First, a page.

Gallup Poll: Americans Are Becoming Less Religious December 27, 2009

Gallup Poll: Americans Are Becoming Less Religious

People are losing their faith and it’s not just a recent fad. It’s a trend that continues to go in our direction.

A new Gallup poll shows a lot of progress on the side of rational thought.

Protestants? Declining.

Catholics? They had been going up but they’re heading back down.

No religion? Steadily increasing.

This is fantastic news.

But wait. There’s more!

How important is religion in your life?

Very Important? Yes, a slight increase over the past couple decades but it’s been relatively steady.

Fairly Important? A slight decrease, but again, it’s fairly steady as of late.

Meanwhile, check out that line for people who do not find it very important! That baby’s going up! 19%!

Also going up? The number of people who are not going to a church/synagogue:

But here’s the kicker.

Is religion old-fashioned and out of date?

People are catching on.

Many of them may still be “spiritual” or they might personally believe in a god, but they are leaving the churches.

As long as the churches hold anti-gay, anti-science views, they are going to continue to lose this battle. Younger people are smarter than the churches give them credit for and they are leaving the churches in droves.

How do we keep these trends heading in our direction?

We have to keep pointing out the damage that churches cause.

We have to continue to lay the blame on religion when anti-gay, anti-science legislation is passed. Church isn’t always the sole culprit, but in America, you know it’s the main source of the misinformation. Not enough pastors are doing their job to combat the lies that their peers are spreading.

We have to keep coming out to our friends and family as atheists and letting the world know we exist.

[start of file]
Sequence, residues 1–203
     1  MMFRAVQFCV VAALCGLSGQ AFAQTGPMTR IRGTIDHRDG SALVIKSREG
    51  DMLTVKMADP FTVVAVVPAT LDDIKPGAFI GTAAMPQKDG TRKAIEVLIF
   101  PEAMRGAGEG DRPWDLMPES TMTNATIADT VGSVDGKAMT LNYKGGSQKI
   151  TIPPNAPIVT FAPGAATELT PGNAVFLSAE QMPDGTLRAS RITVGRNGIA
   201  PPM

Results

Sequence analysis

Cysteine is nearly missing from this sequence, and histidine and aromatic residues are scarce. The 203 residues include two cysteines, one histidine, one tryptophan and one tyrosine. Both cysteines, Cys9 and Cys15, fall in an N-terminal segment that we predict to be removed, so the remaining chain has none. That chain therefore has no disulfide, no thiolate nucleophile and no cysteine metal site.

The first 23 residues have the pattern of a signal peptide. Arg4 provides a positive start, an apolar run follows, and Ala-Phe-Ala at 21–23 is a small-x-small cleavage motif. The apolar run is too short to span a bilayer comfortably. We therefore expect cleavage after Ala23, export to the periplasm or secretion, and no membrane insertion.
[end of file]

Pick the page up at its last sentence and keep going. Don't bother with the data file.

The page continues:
We have to offer something positive for the people who are thinking about leaving the church but still want tradition and community.

The trends favor our way of thinking but we need to keep working at it if we want to keep the lines going in our direction.

(via Center for Inquiry)

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  • littlejohn

    Before we start popping the champagne corks, please keep in mind that people, especially in years past, have been notoriously prone to lie to pollsters, especially on an issue as ticklish as religion or sex.
    Maybe people are simply more likely these days to admit they aren’t religious.

  • I absolutely agree. i never seek conflict, or confrontation, but I am not afraid to defend my beliefs. The more we are seen as normal, rational, intelligent people, and not outcasts or baby-munching devil-worshippers, the better.

  • I don’t know about you, Athena, but I’m pretty open about my habitual curb-stomping of babies.

  • Leilani

    It’s slowly evolving out of us. :o) I am hoping the 2010 Census shows more Americans are non-religious than in 2000.

    I think this is wonderful even if not 100% accurate. My husband and I walked away from the church last year. I know that a lot of my once zealous friends don’t even go to church anymore. I think this is a trend to be optimistic about.

    I can’t wait for the day when politicians court our vote.

  • DeafAtheist